Hoping to placate any nervousness, a Coke spokeswoman said: "We have a very productive and strong relationship with Starcom MediaVest Group that has served both companies very well for the last 11 years. Over this period, SMG has continually improved and strengthened its offering and remains a valued partner. As the media marketplace reshapes and reinvents itself, we frequently take the opportunity to formally review our media partners all around the world. Continued appraisal of our partners ensures we are both working with, and acting as, the best partners to create the most value at the right price."

    Oh -- because evaluating the actual work agencies do on a day-to-day basis for you is too difficult? You need the dog and pony show to make sure your agencies don't get too comfortable? Same old story.
  • Agency Stages Fake Robbery to Illustrate How Awesome Its Work Is

    On April 16, it was reported that three men broke into the offices of Sagmeister & Walsch at 206 West 23rd Street in New York and made off with a bunch of stuff. The entire robbery, however, was caught by a ceiling cam that normally streams studio activity to the agency Web site.

    Of the robbery, Steffan Sagmeister said: "We never thought something like this could happen. When we launched our website we thought it would be a good way to showcase our work to those who admire us; now it's all gone." 

    Following the robbery, the agency tweeted: "We are Deeply saddened by this loss. Next time take the printer." You see, all the robbers took was the agency's work and nothing else. Now what sort of robbers do you think would take only the work -- that's valuable to no one but the client and the agency -- and not all the physical electronics that could be sold?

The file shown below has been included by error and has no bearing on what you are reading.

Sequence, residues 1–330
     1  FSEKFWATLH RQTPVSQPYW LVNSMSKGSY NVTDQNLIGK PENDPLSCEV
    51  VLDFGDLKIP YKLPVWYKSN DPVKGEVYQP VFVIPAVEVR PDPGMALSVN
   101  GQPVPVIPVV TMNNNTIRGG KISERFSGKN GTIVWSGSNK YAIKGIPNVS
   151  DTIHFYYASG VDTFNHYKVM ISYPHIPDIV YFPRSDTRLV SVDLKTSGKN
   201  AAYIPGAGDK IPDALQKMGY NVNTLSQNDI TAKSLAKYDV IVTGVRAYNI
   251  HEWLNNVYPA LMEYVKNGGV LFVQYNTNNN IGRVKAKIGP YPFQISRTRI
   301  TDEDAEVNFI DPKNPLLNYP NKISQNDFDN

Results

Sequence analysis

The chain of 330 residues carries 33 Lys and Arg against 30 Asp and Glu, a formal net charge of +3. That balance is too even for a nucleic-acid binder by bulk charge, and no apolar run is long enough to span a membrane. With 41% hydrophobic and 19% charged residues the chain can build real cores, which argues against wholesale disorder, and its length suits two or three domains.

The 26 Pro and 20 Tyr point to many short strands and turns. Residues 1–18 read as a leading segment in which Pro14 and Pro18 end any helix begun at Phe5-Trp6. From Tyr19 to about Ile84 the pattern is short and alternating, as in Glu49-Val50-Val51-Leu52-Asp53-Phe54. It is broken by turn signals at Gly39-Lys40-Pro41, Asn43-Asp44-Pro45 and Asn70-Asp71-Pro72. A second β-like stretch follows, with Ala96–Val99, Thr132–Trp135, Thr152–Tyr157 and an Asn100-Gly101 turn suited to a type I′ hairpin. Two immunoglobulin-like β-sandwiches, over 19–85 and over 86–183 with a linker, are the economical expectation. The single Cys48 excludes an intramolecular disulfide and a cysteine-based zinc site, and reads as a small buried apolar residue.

Well, the agency itself, of course. Yes, the agency staged the robbery, got Creative Review to write about it and then the agency's receptionist burst into laughter when AdWeek's Tim Nudd called for confirmation. Well played, indeed!
  • Has Mobile Advertising Finally Arrived? Not According to AKQA CCO Rei Inamoto

    For, oh, at least the past 7-10 years, every prognosticator has gleefully been promising "this is the year of mobile!" to the point where it's become a joke. Now, certainly, mobile has matured and has become a viable medium for many things including advertising. But AKQA CCO Rei Inamoto isn't completely convinced.

    In an interview with The Drum, Inamoto said, “To an extent I think the promise of mobile in relation to marketing has been exaggerated. The biggest misconception about mobile and the biggest mistake that advertisers make about mobile is to treat it like an advertising channel. Instead we should use it as a way to provide service not to provide a message.”

    And, being the smart guy that he is, he's right. Rather than forcing old models (*cough* ...banners) through mobile devices, brands should embrace new services. Many have. Love them or hate them, Inamoto cites Uber as a brand that's fully embraced mobile, not as an advertising medium per se but, rather, as a platform for doing business. 

    So, yes, mobile has finally arrived. But my hope for the medium is that we can skip past all the missteps we took forcing old advertising models onto the internet and treat mobile very differently and more effectively. Like the personal service it has become. Not a pipe through which to shove ads.